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Providing Meaningful Feedback

November 01, 2017

By Tori Reany (Instructional Design & Learning Technologies)

Do you ever feel like your students are not taking your advice?  Do you get frustrated at all the hours you put into grading just to have students seemingly ignore your comments?

Perhaps students are reading your feedback, but they don't know what to do with it.

You can take key steps to make your feedback more meaningful to students and increase the chances that the work you have put into grading will be put to use.

First, we want to make sure that feedback is comprehensive.  Comprehensive feedback should seek to answer the following four questions: 

  1. What can the student do? 
  2. What can't the student do? 
  3. How does the student's work compare with that of others? 
  4. How can the student do better? 

Truly comprehensive feedback will look back at both the achievements and pitfalls, provide a clear goal to work towards, while keeping in mind the level at which students should be expected to perform, and advise students on steps they can take to reach that goal.  While keeping the above four questions in mind, let's discuss some characteristics of quality feedback.

Six Characteristics of Quality Feedback

  1. Understandable
    Feedback should be written using vocabulary that is understandable to the student.  If the student just incorrectly completed an assignment, then they don’t have a full grasp on the material.  Try to break down the feedback into vocabulary and steps the student can understand.

  2. Specific and Actionable
    Comments such as “You’re doing great!” or “Keep trying!” may sound encouraging.  However, they are not instructive or actionable.  Comments likes these do not answer any of the comprehensive questions and leave the student wondering what was great, what they did wrong, and how they could do better.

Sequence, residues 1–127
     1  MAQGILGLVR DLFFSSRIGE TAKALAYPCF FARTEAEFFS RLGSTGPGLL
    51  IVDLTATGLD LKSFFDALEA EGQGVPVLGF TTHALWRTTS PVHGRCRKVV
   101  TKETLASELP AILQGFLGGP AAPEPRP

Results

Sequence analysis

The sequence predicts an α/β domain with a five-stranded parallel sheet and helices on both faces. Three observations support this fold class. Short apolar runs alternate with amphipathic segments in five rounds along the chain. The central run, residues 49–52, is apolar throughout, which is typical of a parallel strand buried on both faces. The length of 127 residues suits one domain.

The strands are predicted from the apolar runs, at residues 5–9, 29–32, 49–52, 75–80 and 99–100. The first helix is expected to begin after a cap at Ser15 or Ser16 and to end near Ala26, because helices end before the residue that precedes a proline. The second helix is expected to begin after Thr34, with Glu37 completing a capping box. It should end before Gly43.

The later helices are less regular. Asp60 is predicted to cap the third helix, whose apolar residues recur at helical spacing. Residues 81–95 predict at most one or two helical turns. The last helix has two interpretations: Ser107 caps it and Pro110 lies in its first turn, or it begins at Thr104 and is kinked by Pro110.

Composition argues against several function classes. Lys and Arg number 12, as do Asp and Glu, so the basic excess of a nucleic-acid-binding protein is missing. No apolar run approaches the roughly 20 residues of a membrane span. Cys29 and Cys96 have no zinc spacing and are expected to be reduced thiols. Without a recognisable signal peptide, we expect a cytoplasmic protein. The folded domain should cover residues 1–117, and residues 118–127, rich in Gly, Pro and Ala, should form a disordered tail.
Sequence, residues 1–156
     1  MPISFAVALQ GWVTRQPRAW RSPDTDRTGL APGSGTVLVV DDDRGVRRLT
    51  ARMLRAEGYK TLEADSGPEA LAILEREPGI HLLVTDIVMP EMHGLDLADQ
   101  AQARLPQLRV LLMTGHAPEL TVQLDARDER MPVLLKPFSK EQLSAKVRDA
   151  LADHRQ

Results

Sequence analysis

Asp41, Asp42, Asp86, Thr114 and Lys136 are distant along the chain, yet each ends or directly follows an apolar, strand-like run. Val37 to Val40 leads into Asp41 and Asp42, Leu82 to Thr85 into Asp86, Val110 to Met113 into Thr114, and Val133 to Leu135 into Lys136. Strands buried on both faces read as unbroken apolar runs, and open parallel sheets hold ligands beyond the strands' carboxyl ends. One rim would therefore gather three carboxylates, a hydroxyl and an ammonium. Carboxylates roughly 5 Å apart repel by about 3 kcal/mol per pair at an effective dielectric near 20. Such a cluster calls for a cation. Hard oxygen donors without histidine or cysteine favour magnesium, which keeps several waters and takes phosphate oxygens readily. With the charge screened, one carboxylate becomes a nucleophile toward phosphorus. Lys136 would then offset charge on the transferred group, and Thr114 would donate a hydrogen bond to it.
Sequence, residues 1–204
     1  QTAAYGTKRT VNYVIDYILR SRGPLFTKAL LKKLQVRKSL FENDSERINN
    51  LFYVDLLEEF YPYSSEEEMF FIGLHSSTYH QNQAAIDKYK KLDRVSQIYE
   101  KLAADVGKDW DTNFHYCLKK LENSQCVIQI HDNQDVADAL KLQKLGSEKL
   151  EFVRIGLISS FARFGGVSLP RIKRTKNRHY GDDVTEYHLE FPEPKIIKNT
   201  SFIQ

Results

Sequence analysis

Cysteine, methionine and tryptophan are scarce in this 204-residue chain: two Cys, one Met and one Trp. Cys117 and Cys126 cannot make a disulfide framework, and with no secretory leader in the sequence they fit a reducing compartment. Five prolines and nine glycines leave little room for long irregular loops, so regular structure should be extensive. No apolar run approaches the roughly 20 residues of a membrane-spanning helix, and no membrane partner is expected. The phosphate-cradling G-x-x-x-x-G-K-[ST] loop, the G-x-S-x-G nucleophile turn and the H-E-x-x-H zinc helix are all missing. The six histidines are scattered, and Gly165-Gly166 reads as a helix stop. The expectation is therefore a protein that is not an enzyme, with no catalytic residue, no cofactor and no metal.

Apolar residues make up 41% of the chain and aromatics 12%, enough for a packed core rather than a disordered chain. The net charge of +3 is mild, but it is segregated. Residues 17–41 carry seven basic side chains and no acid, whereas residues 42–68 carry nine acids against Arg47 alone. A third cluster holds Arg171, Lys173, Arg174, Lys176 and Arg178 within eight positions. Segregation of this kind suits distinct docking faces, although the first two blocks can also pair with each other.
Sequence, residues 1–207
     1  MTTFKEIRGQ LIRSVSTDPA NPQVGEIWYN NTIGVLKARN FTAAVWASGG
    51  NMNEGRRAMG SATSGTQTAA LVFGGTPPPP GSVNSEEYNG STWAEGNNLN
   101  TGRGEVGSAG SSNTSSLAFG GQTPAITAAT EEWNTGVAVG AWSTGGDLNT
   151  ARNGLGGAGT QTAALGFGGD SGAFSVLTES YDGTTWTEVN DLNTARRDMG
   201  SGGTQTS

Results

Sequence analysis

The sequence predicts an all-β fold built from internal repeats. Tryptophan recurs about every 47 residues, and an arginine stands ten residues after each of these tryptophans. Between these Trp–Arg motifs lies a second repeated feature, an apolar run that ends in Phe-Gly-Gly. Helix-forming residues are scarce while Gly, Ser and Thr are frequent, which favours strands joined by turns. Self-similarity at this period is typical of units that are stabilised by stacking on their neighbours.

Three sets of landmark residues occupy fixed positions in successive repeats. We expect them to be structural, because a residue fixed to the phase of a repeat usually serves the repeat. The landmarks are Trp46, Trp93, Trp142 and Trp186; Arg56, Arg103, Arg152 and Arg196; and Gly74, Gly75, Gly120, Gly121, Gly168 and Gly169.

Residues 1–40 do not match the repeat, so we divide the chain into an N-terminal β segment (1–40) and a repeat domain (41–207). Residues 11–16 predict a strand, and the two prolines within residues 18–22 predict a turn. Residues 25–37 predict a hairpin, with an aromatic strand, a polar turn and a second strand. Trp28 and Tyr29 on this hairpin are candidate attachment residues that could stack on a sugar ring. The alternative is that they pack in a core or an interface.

3. Goal-Referenced
    When assessing student performance, remember the assessment criteria.  Reference the learning outcomes in your comments.  Orient your feedback around a specific goal or achievement the students are (or should be) working towards.
  4. Forward-Looking
    Remember that every assessment is a learning opportunity.  Give students something to think about.  It is important to suggest how students might improve on future assignments and provide them with the opportunity to do so.
  5. Balanced
    Your feedback should be critical, but not condescending. One technique to help is to use sandwich feedback.  First, give a specific positive comment.  What is something the student did well?  Then, provide constructive criticism and suggestions for improvement. Finally, end with an overall positive comment about the student’s performance.
  6. Timely
    Feedback should be provided as soon as possible.  Wait too long, and students might not connect your feedback with their actions.  We also do not want students to keep repeating their mistakes, so provide feedback in time to impact the next assignment.

Mastery of anything requires trial-and-error.  We all know the saying “practice makes perfect.” However, without feedback, you may be practicing the wrong thing!  The saying really should be “PERFECT practice makes perfect.”  If you do not know you are making mistakes, you will continue the same incorrect habits without an opportunity for improvement.  Feedback is a necessity for students to learn what mistakes they are making and how they can fix them.

For more information about quality feedback and feedback tips and tips, view the PowerPoint presentation on Providing Meaningful Feedback.  The last slide includes links to sample rubrics, online resources, and online samples.

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